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January 20, 2011

A Pleasantly Disturbed Thursday

They're doing construction on the building across the way here at UBC. Every time I look out my window, whether spending a moment daydreaming or trying to think, I see the red girders on the rooftop, arranged in some kind of grid-like fashion. They're obviously building another floor onto the building.

I take in the regularity of the layout, the perfect rectangles that the metal beams form, and I imagine what will eventually wrap those girders in a warm embrace. Concrete? Drywall? Both? Some find of fantastical new plastic polymer that will revolutionize the construction industry?

I see that, and I think of our own building, whether the building I'm currently working in or our condo downtown. I imagine the intricacy of what must lie beneath the walls and floors that we are encased in or walking on top of.

And I marvel.I marvel at what is holding us up so far above the ground. How all of these pieces fit together to form something so perfect that it will stand up in the wind, or even possibly an earthquake. How do we not fall through the floor? Or how does the floor support us? How is that roof supported?

Yes, I know it's all engineering and physics. But to those of us who don't understand these things, it might as well be magic. You've probably heard the old adage from Arthur C. Clarke about "Any sufficiently advanced technology is indistinguishable from magic."

How many things do we use every day that, if somebody from 1888 came forward in time and saw it and asked you about it, you wouldn't be able to explain how it works? Sure, you'd be able to explain how to use it. But how it works?

I recall reading something just recently (can't remember where, so if you recognize this, please let me know) that said travelling back in time wouldn't necessarily give you any advantage as far as technology goes, because you'd never be able to reproduce what you bring back. An iPhone? Sure, you could use it (though the roaming charges would be killer), but if it breaks? You'll never build another one.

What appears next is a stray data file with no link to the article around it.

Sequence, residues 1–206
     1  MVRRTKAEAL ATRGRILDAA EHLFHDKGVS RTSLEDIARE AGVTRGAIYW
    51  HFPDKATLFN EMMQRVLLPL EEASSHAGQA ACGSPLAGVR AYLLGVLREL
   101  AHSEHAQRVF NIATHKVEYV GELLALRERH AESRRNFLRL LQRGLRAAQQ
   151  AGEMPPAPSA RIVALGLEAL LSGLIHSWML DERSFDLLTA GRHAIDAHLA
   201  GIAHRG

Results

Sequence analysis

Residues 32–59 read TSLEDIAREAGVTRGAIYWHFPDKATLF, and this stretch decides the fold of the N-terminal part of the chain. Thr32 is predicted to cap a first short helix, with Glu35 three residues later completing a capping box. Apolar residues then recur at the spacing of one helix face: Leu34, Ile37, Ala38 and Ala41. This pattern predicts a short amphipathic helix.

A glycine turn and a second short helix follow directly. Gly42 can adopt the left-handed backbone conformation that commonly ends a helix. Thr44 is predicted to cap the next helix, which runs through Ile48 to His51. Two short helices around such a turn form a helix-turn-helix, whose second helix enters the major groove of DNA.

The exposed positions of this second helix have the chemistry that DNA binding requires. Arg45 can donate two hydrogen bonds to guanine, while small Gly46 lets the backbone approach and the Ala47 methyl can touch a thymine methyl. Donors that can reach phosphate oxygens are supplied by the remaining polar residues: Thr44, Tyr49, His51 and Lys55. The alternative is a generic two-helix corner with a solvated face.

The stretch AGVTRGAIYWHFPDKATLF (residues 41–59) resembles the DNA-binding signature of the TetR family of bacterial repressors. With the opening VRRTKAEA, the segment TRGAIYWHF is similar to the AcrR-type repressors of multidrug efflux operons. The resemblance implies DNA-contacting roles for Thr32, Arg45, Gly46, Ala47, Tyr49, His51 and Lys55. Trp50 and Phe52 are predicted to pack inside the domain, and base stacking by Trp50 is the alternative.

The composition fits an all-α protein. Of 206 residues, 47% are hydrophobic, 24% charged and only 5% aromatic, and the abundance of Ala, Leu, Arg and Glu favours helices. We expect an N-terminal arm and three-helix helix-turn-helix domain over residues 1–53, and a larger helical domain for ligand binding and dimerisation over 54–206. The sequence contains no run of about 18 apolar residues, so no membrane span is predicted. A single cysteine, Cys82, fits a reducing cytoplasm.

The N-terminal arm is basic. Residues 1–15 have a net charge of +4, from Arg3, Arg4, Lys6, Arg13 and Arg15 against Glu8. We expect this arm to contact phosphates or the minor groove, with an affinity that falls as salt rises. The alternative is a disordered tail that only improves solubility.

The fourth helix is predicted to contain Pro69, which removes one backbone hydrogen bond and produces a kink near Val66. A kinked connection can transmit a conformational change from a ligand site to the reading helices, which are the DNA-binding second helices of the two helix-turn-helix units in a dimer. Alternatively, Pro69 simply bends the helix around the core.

Could you introduce automatic weapons and take over the world if you went back to 11th-century England? Of course not! You would have no idea how to make them. You would have a lot of knowledge the populace doesn't have, but how much of it is practical knowledge?

You can text Caesar and try and tell him to beware the Ides of March (though the cheapskate probably didn't spring for a text plan), but could you make the trip between Rome and Athens without help from the locals? Could you forage for food? Fight off bandits? (I suppose you could show them your phone and make them think you're some kind of demon, I guess, though they might just kill you right there).

Technology? Magic? What's the difference sometimes? One might as well be the other, as far as our understanding of certain things goes.

And does all of this mean I should stop looking out the window and get back to work?

This is part of Duane Scott's "Pleasantly Disturbed Thursdays" series, Volume 15. Go on over and check out the other entries!


  1. I would never want to travel back in time. I appreciate flush toilets too much to risk never seeing one again...

  2. LOL that's a good point!

    I should have mentioned that as another piece of technology that none of us could build, unless you're actually in that industry.

  3. Dave, my man... You're good at this!

    I loved it!

    And you know what? I just take for granted that the building I'm in will stay up. Now I'm scared and may sleep outside.

  4. Thanks, Duane!!!

    You're an inspiration. :)

    Sorry if I scared you, though!!


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